This article first appeared in the St. Louis Beacon: Missouri Attorney General Chris Koster has a message for every Missourian who shops at Walgreens: “Double and triple check the prices on the shelves and compare them with your receipts.”
That’s because, he says, Walgreens often overcharges.
Koster filed a civil suit this morning against Walgreens, the nation's largest pharmacy, contending that it is violating the state’s consumer-protection laws by “engaging in false, misleading and deceptive advertising and pricing schemes.”
Walgreens “routinely charged customers higher prices than what was displayed on the shelves,’’ Koster said at a news conference this morning at his St. Louis office.
His proof, Koster said, was collected by at least a half dozen staff investigators who fanned out in June and July to visit eight Walgreens in five cities all over the state, including two locations in St. Louis.
“Our findings were disturbing,” he said. “Investigators documented overcharges and deceptive price tags in nearly every store we inspected. We made 205 purchases, and we were overcharged 43 times.”
The overcharges ranged from a few cents to $15, he said. In some cases, sale or clearance prices were not honored – and the full price was charged instead.
Koster was joined by Joe Bindbeutel, who heads his office’s consumer division, and Assistant Attorney General Kristin A. Underwood, who was involved in the probe.
In a statement, Walgreens replied: "We have a 112-year history of acting in our customers' best interests, and that will continue to be our focus. While we won’t comment on the complaint itself, we were disappointed and disagree with the attorney general's comments. However, we are prepared to have a constructive dialogue about the issues he raised and address any appropriate concerns."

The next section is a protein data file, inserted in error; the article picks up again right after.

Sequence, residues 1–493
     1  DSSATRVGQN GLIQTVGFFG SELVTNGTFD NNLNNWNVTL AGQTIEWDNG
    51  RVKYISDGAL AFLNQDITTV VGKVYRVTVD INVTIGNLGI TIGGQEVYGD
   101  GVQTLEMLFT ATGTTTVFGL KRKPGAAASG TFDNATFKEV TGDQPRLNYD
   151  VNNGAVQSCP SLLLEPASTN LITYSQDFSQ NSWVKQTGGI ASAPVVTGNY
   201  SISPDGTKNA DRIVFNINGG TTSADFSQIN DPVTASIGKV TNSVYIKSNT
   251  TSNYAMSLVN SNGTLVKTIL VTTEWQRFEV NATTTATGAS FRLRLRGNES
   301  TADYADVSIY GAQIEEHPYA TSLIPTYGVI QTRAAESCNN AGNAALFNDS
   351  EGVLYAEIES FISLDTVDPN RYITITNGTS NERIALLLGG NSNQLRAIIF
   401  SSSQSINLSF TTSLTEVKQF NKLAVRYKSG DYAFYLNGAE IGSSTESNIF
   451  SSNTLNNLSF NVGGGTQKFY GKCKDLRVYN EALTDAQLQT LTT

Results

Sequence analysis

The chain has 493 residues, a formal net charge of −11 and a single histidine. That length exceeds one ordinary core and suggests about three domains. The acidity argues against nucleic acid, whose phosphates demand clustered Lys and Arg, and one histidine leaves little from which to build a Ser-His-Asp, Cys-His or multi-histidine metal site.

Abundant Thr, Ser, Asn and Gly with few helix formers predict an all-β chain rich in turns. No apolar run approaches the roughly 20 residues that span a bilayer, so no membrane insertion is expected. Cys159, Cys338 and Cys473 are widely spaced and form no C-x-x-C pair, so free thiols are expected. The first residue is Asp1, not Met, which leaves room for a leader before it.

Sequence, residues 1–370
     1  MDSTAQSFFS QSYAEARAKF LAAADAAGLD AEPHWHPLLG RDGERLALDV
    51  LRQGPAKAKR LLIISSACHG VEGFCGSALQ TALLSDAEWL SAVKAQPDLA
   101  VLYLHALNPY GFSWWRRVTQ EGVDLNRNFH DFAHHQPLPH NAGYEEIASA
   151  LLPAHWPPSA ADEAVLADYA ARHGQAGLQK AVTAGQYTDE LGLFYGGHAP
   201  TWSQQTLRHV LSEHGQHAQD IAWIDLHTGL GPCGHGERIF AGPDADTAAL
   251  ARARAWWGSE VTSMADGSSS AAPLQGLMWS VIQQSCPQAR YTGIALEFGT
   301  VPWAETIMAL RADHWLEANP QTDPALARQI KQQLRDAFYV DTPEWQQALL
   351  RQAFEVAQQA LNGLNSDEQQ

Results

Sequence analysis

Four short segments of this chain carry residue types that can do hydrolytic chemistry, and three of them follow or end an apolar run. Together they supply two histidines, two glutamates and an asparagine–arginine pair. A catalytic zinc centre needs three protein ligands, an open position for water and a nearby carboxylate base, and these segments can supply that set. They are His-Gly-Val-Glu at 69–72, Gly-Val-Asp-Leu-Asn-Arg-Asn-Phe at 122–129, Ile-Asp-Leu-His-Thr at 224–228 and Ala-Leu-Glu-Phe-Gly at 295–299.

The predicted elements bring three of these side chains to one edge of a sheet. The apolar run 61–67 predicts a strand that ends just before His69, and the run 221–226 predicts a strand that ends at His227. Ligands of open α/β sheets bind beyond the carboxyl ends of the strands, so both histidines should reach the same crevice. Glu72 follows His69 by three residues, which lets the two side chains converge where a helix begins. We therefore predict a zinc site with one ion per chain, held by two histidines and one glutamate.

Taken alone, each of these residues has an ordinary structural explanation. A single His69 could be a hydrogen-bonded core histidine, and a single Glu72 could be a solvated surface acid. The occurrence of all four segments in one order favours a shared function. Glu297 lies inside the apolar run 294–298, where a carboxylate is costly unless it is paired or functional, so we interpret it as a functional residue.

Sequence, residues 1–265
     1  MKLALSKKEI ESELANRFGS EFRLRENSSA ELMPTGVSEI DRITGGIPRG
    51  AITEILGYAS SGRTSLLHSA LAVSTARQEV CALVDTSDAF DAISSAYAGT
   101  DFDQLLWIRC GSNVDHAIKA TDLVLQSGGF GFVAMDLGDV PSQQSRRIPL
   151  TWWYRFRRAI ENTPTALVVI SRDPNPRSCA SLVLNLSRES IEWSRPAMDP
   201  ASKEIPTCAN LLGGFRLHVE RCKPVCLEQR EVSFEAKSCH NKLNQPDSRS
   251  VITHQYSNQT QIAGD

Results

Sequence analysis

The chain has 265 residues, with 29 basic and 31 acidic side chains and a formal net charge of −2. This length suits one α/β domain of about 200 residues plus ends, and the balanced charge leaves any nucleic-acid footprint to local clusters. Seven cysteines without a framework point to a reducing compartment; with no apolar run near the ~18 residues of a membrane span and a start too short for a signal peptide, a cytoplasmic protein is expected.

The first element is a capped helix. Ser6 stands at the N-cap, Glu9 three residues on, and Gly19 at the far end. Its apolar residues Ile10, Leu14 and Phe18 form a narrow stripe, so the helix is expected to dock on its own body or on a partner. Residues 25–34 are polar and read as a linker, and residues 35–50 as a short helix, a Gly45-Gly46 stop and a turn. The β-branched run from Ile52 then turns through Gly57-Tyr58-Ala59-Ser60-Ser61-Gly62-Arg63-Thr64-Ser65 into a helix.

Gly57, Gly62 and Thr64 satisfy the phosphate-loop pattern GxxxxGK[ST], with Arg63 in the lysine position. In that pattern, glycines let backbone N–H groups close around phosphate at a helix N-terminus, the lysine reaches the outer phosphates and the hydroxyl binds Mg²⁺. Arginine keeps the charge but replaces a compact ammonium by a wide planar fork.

Other states already have filed suit
Missouri joins Wisconsin and California in suing Walgreens over false pricing, Koster said, adding that his office’s involvement stemmed from consumer complaints.
“This level of consumer deception is inexcusable from a corporation as sophisticated as Walgreens,” Koster said. “In fact, it’s appalling. Consumers have a right to expect that the price they pay at the register is the same price that’s displayed on the shelf.”
Koster said that another “big box retailer’’ was reviewed for comparison, and “we found nowhere near the deceptive practices that were found here.”
He asserted that he was concerned that the overcharging was an intentional practice. Koster said he wanted to determine if local store operators were at fault or the chain's top executives ordered these practices.
If found guilty, Walgreens would face a fine of $1,000 a violation, Koster said. “But this lawsuit is no longer about money. It is going to cost Walgreens thousands of times more to fix this problem than I could ever dream up in court.”
Koster contended that the issue “has gotten under my skin and Walgreens has now ended up on my to-do list’’ because the overcharged victims likely include the elderly and the ill, who may frequent Walgreens for medicines and other health care products.
“This is so far over the line that we intend to fix it,’’ said Koster, a Democrat running for governor in 2016. “If we have to send investigators up and down the aisles for the next 3 and ½ years, that’s what we’re going to do.”